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Even with the shoddy statistical reporting that has marked health organizations like the CDC, it is globally evident that people who are elderly and those with pre-existing conditions like diabetes, hypertension, obesity, and lung-related issues are at much higher risk with COVID-19. Every life is precious, so let’s not claim a larger victimhood status. People in poorer communities lack access to testing. People in wealthier communities have similar lack of access. Access to testing has been an abysmal failure, period. This disease doesn’t care which pigmentation your skin has. “It’s ravaging our community,” Oprah told the Today show. In this time of pandemic panic, we don’t need hyperbole. We need honesty. Coronavirus is not “ravaging” the black community. Violent crime is. Fatherlessness is. Abortion is. Devotion to a political party that depends on perpetual narratives of victimhood is.
Sadly, Oprah and the entire leadership of the Democrat Party proudly support and promote the pandemic of abortion in the black community which disproportionately kills hundreds of thousands of the most vulnerable black lives every year. The number of black lives taken out annually in America by abortion is more than twice the current number (138,101 as of April 16th) of total coronavirus deaths worldwide. Thirty-five percent of abortions in the U.S. are among African-Americans, according to the CDC. If we applied that to the total number of U.S. abortions reported by the (pro-abortion) Guttmacher Institute in 2017 (862,320 abortions of which 301,812 of them were committed on black babies), there are an estimated 827 black lives wiped out by abortion every single day.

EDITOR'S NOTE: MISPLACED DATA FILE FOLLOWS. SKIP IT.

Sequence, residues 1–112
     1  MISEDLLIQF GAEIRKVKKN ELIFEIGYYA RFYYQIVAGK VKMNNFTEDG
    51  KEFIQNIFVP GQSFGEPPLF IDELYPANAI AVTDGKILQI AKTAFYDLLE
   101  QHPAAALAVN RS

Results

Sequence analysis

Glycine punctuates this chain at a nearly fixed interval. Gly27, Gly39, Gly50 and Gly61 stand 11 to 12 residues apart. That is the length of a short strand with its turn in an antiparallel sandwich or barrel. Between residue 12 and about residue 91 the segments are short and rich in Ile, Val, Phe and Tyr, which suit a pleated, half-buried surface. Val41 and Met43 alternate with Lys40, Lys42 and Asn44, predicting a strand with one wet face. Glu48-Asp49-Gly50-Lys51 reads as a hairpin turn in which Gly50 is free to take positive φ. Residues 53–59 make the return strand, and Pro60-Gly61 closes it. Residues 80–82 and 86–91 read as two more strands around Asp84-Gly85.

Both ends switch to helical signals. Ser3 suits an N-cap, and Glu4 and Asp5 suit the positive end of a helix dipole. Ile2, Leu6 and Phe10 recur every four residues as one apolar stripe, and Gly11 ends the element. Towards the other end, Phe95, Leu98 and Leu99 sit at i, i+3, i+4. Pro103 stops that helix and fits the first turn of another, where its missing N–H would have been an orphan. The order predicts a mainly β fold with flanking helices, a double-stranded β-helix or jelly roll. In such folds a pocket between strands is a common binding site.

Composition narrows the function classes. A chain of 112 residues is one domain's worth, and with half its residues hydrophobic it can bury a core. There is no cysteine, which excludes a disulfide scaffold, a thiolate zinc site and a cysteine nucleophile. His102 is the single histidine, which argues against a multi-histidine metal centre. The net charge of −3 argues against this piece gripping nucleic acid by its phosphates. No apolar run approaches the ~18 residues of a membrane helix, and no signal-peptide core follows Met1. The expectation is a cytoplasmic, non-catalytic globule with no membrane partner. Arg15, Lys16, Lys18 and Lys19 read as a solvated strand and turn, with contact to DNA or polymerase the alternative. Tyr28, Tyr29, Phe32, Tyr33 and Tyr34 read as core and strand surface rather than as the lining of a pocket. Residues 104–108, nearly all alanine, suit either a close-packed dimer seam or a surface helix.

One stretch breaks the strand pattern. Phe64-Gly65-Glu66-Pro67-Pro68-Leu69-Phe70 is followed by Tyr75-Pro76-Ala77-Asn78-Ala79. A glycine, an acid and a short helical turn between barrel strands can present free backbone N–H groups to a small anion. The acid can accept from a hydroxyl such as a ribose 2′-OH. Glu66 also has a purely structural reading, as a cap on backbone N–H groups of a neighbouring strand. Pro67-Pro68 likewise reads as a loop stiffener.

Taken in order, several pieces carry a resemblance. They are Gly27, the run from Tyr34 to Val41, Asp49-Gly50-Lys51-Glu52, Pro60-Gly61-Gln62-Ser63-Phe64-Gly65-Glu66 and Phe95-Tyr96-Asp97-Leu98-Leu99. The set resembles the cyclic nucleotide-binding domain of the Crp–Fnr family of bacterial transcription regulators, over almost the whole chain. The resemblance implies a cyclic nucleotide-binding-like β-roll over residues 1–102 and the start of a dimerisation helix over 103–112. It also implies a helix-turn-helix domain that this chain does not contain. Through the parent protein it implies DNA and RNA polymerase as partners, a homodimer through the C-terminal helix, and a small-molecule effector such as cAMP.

Despite this, Oprah isn’t sounding any alarm about the violence of abortion. She’s pushed abortion in numerous ways through her media empire, whether promoting “Christian” (charlatan) abortionist Dr. Willie Parker (now seemingly silenced by accusations of being a sexual predator), hosting the pro-abortion United State of Women summit, or featuring the #ShoutYourAbortion hashtag movement in her magazine. It’s sad how those who escaped the violence of abortion work to ensure that others don’t. It’s even more heartbreaking when you read these words from Oprah to her mother where she thanks her that she wasn’t aborted:
‘Thank you. Thank you, because I know it’s been hard for you. It was hard for you as a young girl having a baby, in Mississippi. No education. No training. No skills. Seventeen, you get pregnant with this baby. Lots of people would have told you to give that baby away. Lots of people would’ve told you to abort that baby. You didn’t do that. I know that was hard. I want you to know that no matter what, I know that you always did the best you knew how to do. And look how it turned out.’”
With or without great achievements, every human life has equal and irrevocable value. No, Oprah. Coronavirus isn’t ravaging us. Believing lies about ourselves is. We’re not victims. We’re victors. Black people have overcome so much in this country, from slavery to lynchings to Jim Crow. We don’t need abortion. We don’t need to make a colorblind virus racial. We need each other, as we have throughout this flawed but great country’s history–black, white and every hue in between. We’re always better when we’re united.